Why divorce enquiries are higher during the pandemic.


What has the lockdown meant for our relationships?


According to new figures from Co-op Legal Services, divorce enquiries have risen by 42% since the lockdown measures were introduced.


The coronavirus pandemic has been a mixed experience for families, with some relishing the time spent together, and others prompted to consider divorce.


Co-op usually expects a surge in divorce enquiries in January, following what can be a difficult festive season for some.


But the lockdown has seen divorce enquiries ranged from 42% to 75% higher than the equivalent weeks last year.


Friday is the most common day of the week for divorce enquiries, followed by Tuesday.


The least common day for couples enquiring about divorce is Sunday.


Co-op’s Head of Legal Services, Tracey Moloney, believes couples who have been considering separation for some time take that final step when they have more time on their hands.


Moloney said:


“We know that divorce can be a difficult decision at any time, and often couples have already considered divorcing for a number of months and tried mediation before they begin the process.


“Currently, concerns about finances, employment, coupled with the fact that households are having to spend an increased amount of time together can add strain on relationships.


“However, divorce is life changing for all involved and so it’s really important that couples don’t go into divorce lightly and as a result of the current situation we find ourselves in.”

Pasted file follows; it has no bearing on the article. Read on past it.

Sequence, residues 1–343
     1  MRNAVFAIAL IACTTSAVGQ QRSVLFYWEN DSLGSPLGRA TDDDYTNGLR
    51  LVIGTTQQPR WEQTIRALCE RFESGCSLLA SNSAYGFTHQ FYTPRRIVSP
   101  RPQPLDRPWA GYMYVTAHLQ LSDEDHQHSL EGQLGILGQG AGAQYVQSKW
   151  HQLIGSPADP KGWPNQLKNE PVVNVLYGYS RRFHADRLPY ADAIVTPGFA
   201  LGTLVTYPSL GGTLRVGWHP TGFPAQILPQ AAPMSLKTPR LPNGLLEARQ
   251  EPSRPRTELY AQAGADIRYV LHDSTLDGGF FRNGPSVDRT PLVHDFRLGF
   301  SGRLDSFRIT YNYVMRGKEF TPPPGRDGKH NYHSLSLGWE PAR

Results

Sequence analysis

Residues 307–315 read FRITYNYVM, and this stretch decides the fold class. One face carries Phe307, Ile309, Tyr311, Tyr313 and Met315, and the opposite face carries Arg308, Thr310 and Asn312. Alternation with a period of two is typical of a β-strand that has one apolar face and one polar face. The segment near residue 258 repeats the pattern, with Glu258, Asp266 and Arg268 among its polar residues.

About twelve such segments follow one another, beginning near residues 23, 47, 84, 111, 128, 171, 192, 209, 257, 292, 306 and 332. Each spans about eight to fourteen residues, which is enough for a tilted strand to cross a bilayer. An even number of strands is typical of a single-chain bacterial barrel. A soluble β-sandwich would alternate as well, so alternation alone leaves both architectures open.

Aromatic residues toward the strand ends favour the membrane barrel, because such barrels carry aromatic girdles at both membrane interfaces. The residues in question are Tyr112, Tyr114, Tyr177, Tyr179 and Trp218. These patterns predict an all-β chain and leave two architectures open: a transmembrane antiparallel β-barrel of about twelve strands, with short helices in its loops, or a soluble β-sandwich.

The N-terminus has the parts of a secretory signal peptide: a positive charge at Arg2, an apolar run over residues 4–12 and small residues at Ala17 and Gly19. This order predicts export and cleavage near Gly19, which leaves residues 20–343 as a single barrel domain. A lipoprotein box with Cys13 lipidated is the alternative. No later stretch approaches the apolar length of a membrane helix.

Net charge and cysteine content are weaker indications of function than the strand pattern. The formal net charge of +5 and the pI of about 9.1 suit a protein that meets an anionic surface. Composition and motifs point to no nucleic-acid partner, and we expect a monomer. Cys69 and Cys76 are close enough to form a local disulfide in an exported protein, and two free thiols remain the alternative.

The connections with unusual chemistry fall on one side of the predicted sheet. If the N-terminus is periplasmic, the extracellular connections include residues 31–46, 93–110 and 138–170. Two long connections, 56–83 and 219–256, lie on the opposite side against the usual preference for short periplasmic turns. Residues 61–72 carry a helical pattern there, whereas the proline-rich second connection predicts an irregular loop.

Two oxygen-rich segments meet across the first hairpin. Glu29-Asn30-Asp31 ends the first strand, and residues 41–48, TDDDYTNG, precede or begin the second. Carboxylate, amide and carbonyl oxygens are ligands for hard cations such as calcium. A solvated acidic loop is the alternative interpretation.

Tracey Moloney’s shared five tips on managing divorce during the Coronavirus lockdown:


Firstly, be prepared.


Divorce isn’t easy; it can lead to loneliness, a location change and drop-in confidence, amongst other things.


Preparing yourself for what’s to come can make it easier to deal with in the long run.


Seek out community groups or new hobbies that may help you to establish a new support network.


Secondly, remember that divorce is a life-changing decision.


Consider other resolutions to solve your problems beforehand. It may be that your extreme circumstances have pushed you to make a decision you would typically take longer to think about.


Tracey’s third tip is to think about relocation.


If nobody is at fault in the marriage, you will need to have lived separately for a considerable length of time, for a divorce to be granted, so think about the logistics of this while staying safe during this time.


Tip number four is to consider assessing your finances between you, for an outcome that will suit you both in the long run, which will save you both time and money.


However, be aware that what you think is fair may not be the same in the eyes of the law.


Finally, tip number five is to know your rights.


When children are involved in a divorce it can become more complicated. If the mother or father of your child is acting in a way that is preventing you from seeing your child, there may be action you can take such as getting a Court Order.


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